Latino issues are at the top of the agenda at the largest gathering of conservative politicians and activists in yet another sign of how Republicans are struggling to attract a demographic group that is critical to their electoral future.
“I’m committed, as head of the Conservative Union, that Latinos issues are going to be presented,” said Al Cardenas, a Cuban-American who is head of the American Conservative Union, the group that organizes the Conservative Political Action Conference. “We need to celebrate this diversity.”
For the first time in the conference’s history, a Latino, Sen. Ted Cruz of Texas, will deliver the keynote address at CPAC. Past CPAC keynote speakers include Glenn Beck, Rush Limbaugh, Allen West and Sarah Palin. The conference’s opening speaker this year will be Sen. Marco Rubio of Florida.
“We need to commit a total immersion in the Latino community,” said Cardenas.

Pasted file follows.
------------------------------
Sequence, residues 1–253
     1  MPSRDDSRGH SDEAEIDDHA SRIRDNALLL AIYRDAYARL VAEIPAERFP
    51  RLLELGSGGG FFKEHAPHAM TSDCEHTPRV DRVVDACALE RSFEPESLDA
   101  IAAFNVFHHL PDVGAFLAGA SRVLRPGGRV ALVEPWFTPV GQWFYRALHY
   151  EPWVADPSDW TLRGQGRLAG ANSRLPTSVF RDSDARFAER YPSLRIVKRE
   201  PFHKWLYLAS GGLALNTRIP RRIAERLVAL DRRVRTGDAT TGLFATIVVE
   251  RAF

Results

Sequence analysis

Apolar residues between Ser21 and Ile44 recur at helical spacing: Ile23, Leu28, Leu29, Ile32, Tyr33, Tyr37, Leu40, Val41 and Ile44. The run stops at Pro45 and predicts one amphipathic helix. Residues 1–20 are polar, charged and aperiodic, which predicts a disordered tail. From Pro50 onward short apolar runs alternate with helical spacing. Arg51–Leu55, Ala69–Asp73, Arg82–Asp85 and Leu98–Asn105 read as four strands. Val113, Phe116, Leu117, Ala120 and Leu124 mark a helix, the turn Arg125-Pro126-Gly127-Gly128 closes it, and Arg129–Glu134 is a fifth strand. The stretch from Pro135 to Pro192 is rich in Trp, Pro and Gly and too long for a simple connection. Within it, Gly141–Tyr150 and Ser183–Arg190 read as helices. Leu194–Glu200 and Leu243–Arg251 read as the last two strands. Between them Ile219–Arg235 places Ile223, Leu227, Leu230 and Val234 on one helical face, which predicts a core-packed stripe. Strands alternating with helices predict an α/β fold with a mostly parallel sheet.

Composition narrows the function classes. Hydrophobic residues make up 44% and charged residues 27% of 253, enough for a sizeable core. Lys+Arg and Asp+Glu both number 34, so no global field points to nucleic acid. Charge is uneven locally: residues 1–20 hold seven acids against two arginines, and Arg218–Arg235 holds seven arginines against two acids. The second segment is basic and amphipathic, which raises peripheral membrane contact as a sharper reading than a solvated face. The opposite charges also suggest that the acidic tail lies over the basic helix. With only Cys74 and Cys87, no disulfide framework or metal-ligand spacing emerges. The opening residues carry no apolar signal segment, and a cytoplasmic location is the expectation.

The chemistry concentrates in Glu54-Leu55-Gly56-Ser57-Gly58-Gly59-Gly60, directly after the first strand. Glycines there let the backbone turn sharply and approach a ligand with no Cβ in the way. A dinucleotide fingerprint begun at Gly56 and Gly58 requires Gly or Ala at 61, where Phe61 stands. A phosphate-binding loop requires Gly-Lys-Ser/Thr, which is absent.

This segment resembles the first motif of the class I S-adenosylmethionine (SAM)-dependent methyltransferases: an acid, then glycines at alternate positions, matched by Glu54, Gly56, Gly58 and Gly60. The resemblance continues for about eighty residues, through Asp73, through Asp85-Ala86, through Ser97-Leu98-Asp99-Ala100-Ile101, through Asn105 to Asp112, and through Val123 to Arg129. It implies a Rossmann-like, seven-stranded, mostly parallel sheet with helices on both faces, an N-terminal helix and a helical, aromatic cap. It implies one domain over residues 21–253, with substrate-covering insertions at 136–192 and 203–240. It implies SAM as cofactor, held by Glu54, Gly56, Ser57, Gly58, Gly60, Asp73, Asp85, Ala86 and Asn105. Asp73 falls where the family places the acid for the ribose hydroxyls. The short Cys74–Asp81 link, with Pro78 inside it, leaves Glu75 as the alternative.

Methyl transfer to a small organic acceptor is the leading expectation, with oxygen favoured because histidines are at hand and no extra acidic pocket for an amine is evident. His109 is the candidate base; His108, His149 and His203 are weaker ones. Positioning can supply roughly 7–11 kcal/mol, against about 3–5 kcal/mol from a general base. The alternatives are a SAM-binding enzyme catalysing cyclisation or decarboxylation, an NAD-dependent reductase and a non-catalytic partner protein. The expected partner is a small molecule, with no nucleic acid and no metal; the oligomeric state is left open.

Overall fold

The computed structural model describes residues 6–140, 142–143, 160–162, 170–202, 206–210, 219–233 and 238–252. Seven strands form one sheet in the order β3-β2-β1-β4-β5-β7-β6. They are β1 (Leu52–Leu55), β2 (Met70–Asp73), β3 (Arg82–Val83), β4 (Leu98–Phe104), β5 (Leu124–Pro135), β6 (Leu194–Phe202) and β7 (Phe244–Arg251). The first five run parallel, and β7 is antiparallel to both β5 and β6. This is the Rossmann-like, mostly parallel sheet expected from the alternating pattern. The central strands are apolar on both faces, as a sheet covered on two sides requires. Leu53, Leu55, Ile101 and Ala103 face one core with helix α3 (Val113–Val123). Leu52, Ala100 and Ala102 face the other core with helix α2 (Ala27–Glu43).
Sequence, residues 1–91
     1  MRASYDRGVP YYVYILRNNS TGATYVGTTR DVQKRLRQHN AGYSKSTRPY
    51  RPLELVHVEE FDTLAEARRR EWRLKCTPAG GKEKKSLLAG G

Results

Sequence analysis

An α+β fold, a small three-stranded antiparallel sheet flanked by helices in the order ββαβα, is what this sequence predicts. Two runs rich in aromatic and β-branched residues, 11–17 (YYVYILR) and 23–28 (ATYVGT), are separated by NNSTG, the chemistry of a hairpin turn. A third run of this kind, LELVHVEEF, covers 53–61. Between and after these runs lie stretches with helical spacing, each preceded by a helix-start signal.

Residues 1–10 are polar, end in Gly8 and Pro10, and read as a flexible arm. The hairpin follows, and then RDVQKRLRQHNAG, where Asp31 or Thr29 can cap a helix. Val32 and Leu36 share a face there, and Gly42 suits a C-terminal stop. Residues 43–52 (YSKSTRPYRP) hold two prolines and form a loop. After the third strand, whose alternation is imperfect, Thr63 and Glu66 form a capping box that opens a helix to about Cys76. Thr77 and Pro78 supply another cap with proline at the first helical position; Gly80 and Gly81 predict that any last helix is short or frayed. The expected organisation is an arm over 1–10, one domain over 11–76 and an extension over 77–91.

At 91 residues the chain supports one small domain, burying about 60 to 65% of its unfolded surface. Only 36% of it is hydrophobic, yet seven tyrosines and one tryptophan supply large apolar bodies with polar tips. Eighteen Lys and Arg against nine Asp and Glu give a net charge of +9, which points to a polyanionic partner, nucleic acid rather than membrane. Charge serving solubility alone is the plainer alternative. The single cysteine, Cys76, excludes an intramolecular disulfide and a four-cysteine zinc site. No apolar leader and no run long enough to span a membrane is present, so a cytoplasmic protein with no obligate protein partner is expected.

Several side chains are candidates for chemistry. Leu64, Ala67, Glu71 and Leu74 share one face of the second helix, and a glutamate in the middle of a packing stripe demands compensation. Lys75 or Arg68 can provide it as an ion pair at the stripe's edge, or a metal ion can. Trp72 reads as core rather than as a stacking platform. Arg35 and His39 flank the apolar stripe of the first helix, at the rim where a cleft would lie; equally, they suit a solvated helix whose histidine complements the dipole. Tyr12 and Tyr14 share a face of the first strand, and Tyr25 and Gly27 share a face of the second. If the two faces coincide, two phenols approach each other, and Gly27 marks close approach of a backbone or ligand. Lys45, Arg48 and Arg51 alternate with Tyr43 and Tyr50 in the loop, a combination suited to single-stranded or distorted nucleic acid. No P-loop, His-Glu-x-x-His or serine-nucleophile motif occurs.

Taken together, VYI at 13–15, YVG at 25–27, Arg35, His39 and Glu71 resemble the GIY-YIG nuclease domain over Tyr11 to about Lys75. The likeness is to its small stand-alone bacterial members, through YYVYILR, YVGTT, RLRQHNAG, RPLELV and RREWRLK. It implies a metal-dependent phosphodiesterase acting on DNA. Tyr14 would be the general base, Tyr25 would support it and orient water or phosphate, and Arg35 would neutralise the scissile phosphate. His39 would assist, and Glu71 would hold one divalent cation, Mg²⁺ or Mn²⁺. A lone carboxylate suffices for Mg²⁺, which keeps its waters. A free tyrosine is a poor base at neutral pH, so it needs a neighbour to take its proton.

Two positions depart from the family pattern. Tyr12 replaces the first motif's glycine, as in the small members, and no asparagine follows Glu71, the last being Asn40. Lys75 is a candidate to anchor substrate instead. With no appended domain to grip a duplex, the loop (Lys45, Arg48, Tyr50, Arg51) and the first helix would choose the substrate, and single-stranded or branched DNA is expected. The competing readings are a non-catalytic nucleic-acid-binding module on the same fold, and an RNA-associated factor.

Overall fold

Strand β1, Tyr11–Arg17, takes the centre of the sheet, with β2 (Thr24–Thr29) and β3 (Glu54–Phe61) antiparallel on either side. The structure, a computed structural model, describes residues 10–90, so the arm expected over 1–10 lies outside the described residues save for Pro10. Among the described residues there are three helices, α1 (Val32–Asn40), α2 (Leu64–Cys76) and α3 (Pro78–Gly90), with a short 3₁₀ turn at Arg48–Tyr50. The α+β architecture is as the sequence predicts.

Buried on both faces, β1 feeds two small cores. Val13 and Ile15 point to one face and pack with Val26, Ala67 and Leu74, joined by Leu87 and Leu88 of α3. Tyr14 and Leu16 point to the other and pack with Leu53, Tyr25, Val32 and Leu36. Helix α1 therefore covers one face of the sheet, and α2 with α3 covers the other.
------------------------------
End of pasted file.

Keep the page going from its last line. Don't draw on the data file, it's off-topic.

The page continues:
It’s no coincidence that Latino politicians such as Rubio, who has been at the forefront of recent immigration reform talks on Capitol Hill, are being thrust into such prominent roles this year.
“We need to showcase how widespread conservatives are in the Latino movement,” said Cardenas.
Dr. Larry Sabato, director of the Center for Politics at the University of Virginia, believes CPAC has made a move in the right direction if it wants to attract Latino voters and their growing fundraising muscle.
“It tells me that the message of the 2012 election has been received loud and clear,” said Sabato. “[This is] a good start. You gather your Latino office holders together and find out through them what their community needs and wants from politics.”
The conference currently has a list of 15 Latinos participating in panels and speaking at the event, including Rubio, Cruz and Congressman Raul Labrador of Idaho.